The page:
New Balance’s marketing pitch: Dual focus on energy return and lighter weight.
Upper: Single layer engineered mesh, bootie construction with elastic tongue.
Midsole: Fuelcell foam with Carbon fiber plate. Non-removable insole, 4 mm heel drop.
Midsole stack height: 40 mm (rearfoot), 36 mm (forefoot).
Outsole: Carbon rubber.
Weight: 230 gms/ 8.1 Oz for a half pair of Men's US 9/UK 8.5/EUR 42.5/CM 27
Widths available: D - regular (reviewed), 2E - wide.
Previous model: New Balance RC Elite V2.
Country of origin: Made in Vietnam.
For this review, Solereview purchased the New Balance SC Elite V3 at full retail price; the proof of purchase is below. We do not accept free samples for our reviews.
In this review:
SUMMARY AND VERDICT
The New Balance SC Elite V3 arrived in early 2023, and it’s been through an interesting journey to get here.
The first in the series – the RC Elite V1 – made its debut in the Wild West of Carbon-plated super shoes. Back then, brands were in a mad rush to get their version of a carbon-plated running shoe to the market.
Some brands like Hoka even didn’t have a super-foam (like PEBAX) to pair the plate with, but went ahead with their EVA foam-based Carbon X anyway. Others, like Saucony, based their shoes on a similar form factor and midsole tech as the Nike Vaporfly.
Four years later, the frenzy has cooled down, and so has the rapid-fire introduction of Carbon-plated racers. Many new releases are now thoughtfully designed, so that’s a sign of maturity in this hyper-competitive segment.
There’s no better example than the SC Elite V3. The evolutionary leap between the RC Elite V2 and SC Elite V3 is huge, so it makes more sense to view the SC Elite V3 as a brand-new shoe rather than an upgraded RC Elite V2.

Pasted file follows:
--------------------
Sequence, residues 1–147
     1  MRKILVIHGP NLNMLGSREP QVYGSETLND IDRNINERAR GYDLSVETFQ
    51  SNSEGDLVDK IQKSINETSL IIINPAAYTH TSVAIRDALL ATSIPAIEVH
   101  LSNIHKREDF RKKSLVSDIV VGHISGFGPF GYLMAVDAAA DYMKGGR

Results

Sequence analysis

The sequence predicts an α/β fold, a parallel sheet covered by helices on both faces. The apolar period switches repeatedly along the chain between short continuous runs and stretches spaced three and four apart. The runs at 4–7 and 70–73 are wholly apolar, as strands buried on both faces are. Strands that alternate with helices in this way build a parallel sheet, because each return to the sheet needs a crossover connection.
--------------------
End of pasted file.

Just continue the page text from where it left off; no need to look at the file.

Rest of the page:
With its ultra-cushioned and peppy ride, the SC Elite V3 has a similar use case to that of the Saucony Endorphin Pro 3 and Nike Vaporfly 3. It’s an excellent running shoe for marathon training and long-distance races. At the same time, it offers two things that most Carbon-plated super-shoes do not.
The upper fit is often overshadowed by the high-tech midsole design. But when you come across a near-perfect upper fit, it’s only then that you realize what you were missing.
The SC Elite V3’s snug upper fit is easily one of the best of its class; in our detailed upper breakout, we explain why. It’s also the only shoe in this segment to offer an optional ‘wide’ sizing.
The second trait that sets the SC Elite 3 apart from its peers is its exceptional straight-line tracking. For that, we have the outsole design to thank. There’s a deep and wide groove from the heel to the forefoot that exposes the Carbon plate.
This hollow space centers the weight and guides the transitions more efficiently than other plated racers of a comparable softness.
Other than these unique traits, the SC Elite V3 has a similar goal as all super-shoes. It makes long-distance runs less of a chore while allowing for running speeds that personal bests are made of.
From a shoe reviewer’s perspective, the New Balance SC Elite V3 is an excellent buy. While it’s priced the same as the Saucony Endorphin Pro 3 (while undercutting adidas and Nike by $20), this racer’s distinct ride and fit signature will find many takers.
Of all the plated racers we’ve tried (the Vaporfly 3 and Endorphin Elite included), we found the SC Elite V3 to be the most enjoyable.
Based on technical merits alone, the SC might not be truly the best, but it’s the most fun during runs that are 20 kilometers and longer.
THE NEW BALANCE SC ELITE V3 COMPARED WITH THE NEW BALANCE RC ELITE V2
On paper, the SC Elite V3 is an update to the RC Elite V2.
In reality, what’s left of the RC Elite V2 is just a faint outline. The ‘outline’ is the combination of the Fuelcell midsole and Carbon plate. Barring that, everything is brand-new. The old RC Elite V2 as we knew it, no longer exists.
Here’s another viewpoint that many others will also share: The SC Elite V3 is a higher-tier version of the Supercomp Trainer, but with a lighter Fuelcell foam, lower heel stack, and a race-oriented upper. The SC Elite 3 has more in common with the Supercomp Trainer than it does with the RC Elite 2.
Even the top-level specs suggest a much changed shoe.
The heel-to-toe offset is now lowered to 4 mm, as compared to 8 mm on the RC Elite 2. That’s due to the change in midsole stack heights. The SC Elite V3’s heel maintains a similar thickness (40 mm) as the RC Elite (39 mm), but the forefoot gets taller – increasing from 31 mm to 36 mm.